case. He "shipped out" of this district and obtained his sea-going employment in this district. He, for these and other reasons, visited Philadelphia frequently, living only as far away as New Jersey. By coincidence he was represented by the same law firm as represents the plaintiff in the present case. We might well suspect that he too sought the services of able and specialized counsel not available to him in the district in which he resided. Convenience-wise, that case probably involved less than one hundred miles. Notwithstanding, the Court held that plaintiff "had not brought himself within the provisions of the Suits in Admiralty Act concerning the place of suit ". (p. 580).
Suits involving injured minor seamen represented by a guardian have, on several occasions, come before the courts on the question of venue and in each instance it has been held that it is the residence of the minor which is determinative of proper venue and not the residence of the guardian. Horzepa et al. v. Dauski, D.C., 40 F. Supp. 476 (1941); Untersinger v. United States, D.C., 74 F. Supp. 155; 2 Cir., 172 F.2d 298; D.C., 87 F. Supp. 532; 2 Cir., 181 F.2d 953; Paschal v. North Atlantic and Gulf S.S. Co. Inc., D.C., 95 F. Supp. 293 (1950).
While the Court in the Horzepa case appears to have grounded its conclusion on the finding that the injured minor was the "real party in interest", other courts have reached the same conclusion, without specific reference to the "real party in interest". When Congress grounded venue upon the residence of the "suing" party it must have had in mind the party or parties ultimately benefitting from the suit and not a technical "party" to the suit selected and chosen for collateral reasons, whatever they may be, in districts having no other connection with the litigation. In any event, the venue decisions involving injured minor seamen support our conclusion in the instant case.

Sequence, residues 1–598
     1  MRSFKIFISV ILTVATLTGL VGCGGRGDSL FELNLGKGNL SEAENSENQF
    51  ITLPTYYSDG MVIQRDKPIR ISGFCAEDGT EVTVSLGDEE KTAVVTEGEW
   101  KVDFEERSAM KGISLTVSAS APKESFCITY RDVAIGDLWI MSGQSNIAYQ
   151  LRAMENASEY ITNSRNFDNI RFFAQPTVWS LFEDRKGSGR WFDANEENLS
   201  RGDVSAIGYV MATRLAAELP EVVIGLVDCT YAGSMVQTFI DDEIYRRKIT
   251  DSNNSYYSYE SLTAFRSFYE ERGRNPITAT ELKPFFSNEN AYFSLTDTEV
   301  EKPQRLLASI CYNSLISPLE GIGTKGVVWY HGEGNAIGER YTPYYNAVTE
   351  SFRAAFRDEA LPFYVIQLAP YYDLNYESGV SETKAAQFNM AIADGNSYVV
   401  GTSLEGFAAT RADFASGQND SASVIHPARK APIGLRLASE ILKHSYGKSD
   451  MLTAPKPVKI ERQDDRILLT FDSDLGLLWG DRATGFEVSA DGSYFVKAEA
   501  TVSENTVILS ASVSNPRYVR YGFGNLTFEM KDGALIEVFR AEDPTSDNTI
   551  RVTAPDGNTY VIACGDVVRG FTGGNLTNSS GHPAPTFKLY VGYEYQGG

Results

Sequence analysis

Moreover, if we chose to apply the "real party in interest" theory, we face the fact that in Jaffe v. Philadelphia & Western R. Co., 3 Cir., 180 F.2d 1010, an "administratrix" was held to be the "real party in interest" where, as here, the lawsuit was the only asset. However, in McSparran v. Weist, 3 Cir., 402 F.2d 867, 876, Jaffe was overruled. Thus, any proper application of the "real party in interest" theory lends no support to plaintiff's case.
Plaintiff contends that there are distinctions between a guardian for a minor and an administrator of an estate in that the latter actually takes title to portions of the estate and the former does not. But, these distinctions were discussed at length in McSparran v. Weist, supra, and found to be without a difference (p. 875).
Plaintiff further contends that defendants' motion constitutes a "collateral attack" upon the decree of the probate court. This theory, followed in Mecom v. Fitzsimmons, 284 U.S. 183, 52 S. Ct. 84, 76 L. Ed. 233, was heavily relied upon in Jaffe, now overruled in McSparran and held in McSparran to be insufficient to save an administrator appointed to create or manufacture diversity.